The Snake in a Pot

15 of 21

The glorious thing about corona besides missing school, is now we look like super stars, like Jet Li, like the formidable Rick Ross, like The Rock or those dangerous people in movies. We are wearing masks, even though it feels like our destiny is all confined in the masks because of the discomfort in breathing and talking. We have to keep letting them lie on our necks or push them up the forehead as if they were goggles.

Other villagers look hideous in their masks, like scarecrows in fields, like corpses in caskets, like kidnappers. The village is bustling with multi-colored masks; masks made from vitenge, from synthetic sacks, from hide (like the one Wekesa and his grandfather wear), from blankets, from used clothes and others use handkerchiefs and bandanas as masks. We are invincible and the officers don’t come near us.

Lumbasi has been unwell, their maid told us and we have decided to go and visit him. It has been about two weeks without setting eyes on him, that is why we are excited. That is why we are carrying sugarcane, loquats, tractors, cars, coiled pots, cows, Wizkid and small humans made from clay which we shall gift him. We shall make new ones for ourselves. It is the ultimate sacrifice from us and he will surely be happy. Timina’s mother has a new baby and she is not joining us in this visit which feels like betrayal, but we are going anyway. We have decided that we will sing to him his Wizkid song and maybe he will heal like Jesus did with sick people.

His home is surrounded by a thick cypress hedge. We get there and unhook the makeshift gate and race to the house. His mother, the fair-skinned lady with four matutas, stares at us once she comes to the door. She stares at us the way you stare at a mad person who has miraculously appeared at your door step. We are wearing masks and she looks at us again and we think she is impressed with the masks.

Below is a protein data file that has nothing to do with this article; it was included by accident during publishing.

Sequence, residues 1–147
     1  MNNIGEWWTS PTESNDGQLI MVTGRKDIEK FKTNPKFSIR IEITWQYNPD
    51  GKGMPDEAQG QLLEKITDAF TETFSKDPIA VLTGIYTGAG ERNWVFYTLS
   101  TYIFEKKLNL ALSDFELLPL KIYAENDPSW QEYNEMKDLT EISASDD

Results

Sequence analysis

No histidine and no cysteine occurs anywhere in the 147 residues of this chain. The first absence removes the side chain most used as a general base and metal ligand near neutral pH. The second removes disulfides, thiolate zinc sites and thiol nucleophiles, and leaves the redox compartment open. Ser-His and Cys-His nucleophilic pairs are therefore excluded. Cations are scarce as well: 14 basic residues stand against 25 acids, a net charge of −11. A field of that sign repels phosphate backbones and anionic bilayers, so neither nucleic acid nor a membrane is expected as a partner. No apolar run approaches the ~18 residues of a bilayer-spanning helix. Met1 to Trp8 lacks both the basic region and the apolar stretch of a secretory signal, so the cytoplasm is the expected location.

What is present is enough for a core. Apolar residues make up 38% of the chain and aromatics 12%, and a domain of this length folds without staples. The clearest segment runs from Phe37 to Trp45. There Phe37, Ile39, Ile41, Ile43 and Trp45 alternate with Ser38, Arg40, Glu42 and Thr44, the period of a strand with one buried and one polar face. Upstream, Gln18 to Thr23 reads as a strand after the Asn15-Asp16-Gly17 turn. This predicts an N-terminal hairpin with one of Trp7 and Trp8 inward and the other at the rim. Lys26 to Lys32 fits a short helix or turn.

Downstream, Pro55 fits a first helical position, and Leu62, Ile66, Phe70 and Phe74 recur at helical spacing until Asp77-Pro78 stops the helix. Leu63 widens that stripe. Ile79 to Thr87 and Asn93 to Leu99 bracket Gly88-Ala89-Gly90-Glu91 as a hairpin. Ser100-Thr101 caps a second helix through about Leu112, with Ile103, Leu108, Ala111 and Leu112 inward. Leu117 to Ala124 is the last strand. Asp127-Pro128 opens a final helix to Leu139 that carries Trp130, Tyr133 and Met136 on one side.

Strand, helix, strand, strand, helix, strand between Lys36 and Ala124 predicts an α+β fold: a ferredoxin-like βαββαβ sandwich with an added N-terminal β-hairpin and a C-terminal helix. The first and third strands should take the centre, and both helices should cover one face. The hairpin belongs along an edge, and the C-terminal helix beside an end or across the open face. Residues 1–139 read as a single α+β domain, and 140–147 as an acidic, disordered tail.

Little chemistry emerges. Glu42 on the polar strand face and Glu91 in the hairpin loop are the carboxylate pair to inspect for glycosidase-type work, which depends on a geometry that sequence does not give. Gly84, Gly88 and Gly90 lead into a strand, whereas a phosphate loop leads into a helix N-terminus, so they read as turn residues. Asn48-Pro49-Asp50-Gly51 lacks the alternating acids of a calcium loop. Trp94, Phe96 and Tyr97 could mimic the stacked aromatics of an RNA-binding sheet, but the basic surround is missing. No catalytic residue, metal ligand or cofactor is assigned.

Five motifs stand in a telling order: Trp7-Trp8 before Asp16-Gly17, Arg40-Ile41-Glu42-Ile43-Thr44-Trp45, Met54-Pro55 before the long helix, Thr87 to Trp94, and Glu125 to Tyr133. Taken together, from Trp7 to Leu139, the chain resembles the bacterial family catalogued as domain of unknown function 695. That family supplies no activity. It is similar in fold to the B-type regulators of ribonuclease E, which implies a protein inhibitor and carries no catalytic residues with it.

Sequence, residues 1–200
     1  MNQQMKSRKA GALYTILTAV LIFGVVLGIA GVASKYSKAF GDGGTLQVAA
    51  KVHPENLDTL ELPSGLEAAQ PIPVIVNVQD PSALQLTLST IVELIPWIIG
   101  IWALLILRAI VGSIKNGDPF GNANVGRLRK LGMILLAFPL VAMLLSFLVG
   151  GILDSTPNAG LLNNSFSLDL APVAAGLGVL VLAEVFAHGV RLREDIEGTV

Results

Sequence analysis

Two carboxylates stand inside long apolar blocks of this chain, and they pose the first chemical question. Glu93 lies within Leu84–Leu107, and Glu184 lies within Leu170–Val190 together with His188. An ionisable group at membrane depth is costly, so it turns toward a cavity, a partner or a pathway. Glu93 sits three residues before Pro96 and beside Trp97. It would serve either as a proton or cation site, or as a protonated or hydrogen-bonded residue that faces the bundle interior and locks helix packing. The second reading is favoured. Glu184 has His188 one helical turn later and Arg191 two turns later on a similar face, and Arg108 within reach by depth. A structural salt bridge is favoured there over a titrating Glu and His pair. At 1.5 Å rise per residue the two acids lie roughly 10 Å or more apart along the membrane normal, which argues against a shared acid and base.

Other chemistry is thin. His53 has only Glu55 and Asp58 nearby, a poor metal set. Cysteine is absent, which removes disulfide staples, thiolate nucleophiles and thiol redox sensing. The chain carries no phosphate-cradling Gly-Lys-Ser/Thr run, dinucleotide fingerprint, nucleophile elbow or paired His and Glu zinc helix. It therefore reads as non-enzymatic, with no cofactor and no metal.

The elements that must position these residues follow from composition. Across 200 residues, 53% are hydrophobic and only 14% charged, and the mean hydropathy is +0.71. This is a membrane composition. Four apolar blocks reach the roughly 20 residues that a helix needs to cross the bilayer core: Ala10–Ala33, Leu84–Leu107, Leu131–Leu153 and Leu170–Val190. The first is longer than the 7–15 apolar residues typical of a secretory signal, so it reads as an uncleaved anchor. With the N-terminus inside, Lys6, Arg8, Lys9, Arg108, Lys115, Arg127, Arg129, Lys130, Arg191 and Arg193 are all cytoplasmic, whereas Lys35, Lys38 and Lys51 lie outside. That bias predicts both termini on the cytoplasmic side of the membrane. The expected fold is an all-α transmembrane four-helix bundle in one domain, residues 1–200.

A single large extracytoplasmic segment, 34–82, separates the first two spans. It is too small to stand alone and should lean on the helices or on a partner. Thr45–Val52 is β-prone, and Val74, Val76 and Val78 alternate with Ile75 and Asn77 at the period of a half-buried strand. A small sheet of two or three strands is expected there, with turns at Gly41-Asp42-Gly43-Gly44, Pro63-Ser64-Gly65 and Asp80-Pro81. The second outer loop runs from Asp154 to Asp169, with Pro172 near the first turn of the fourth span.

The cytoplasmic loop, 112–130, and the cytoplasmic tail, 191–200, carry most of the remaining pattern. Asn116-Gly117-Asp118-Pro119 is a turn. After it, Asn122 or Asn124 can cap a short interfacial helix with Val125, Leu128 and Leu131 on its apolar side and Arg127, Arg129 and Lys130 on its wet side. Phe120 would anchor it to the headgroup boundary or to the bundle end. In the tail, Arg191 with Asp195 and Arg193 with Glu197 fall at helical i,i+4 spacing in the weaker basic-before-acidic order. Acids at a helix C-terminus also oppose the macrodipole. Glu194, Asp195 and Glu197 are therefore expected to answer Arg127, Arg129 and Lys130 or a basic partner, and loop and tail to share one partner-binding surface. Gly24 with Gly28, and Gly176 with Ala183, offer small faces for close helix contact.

How can I help you? she asks through the grilled door.

We want to give Lumbasi something, we say.

She scoffs and the smile turns to a furrow.

You riffraffs don’t listen, do you? People are not visiting others. You think corona is your mother?

We don’t have corona ma, Wekesa says.

As if corona is printed on foreheads, er? she says.

We stare at her, then at our foreheads, then the gifts we are carrying for Lumbasi.

Why aren’t people not visiting others? Have we not met people going to visit others? Lumbasi’s mother is a witch it seems, as everyone whispers and that is why she does not want us entering her house to stumble upon the big snake in a huge pot.

#Quarantinestories #Villagelife #15of21

This entry was posted in Fiction.

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